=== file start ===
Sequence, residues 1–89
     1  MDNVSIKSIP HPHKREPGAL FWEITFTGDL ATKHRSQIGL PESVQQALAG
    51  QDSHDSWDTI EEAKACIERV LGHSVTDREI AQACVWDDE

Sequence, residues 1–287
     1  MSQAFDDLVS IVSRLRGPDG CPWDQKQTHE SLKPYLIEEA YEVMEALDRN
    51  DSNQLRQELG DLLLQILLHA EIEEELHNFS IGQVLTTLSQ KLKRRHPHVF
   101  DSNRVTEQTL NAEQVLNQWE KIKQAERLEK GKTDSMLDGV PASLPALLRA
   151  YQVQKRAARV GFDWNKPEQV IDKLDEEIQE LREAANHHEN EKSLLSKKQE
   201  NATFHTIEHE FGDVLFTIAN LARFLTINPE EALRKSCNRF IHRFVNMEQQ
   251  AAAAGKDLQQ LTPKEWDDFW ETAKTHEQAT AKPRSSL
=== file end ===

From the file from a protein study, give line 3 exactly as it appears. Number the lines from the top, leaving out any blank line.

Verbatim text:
    51  QDSHDSWDTI EEAKACIERV LGHSVTDREI AQACVWDDE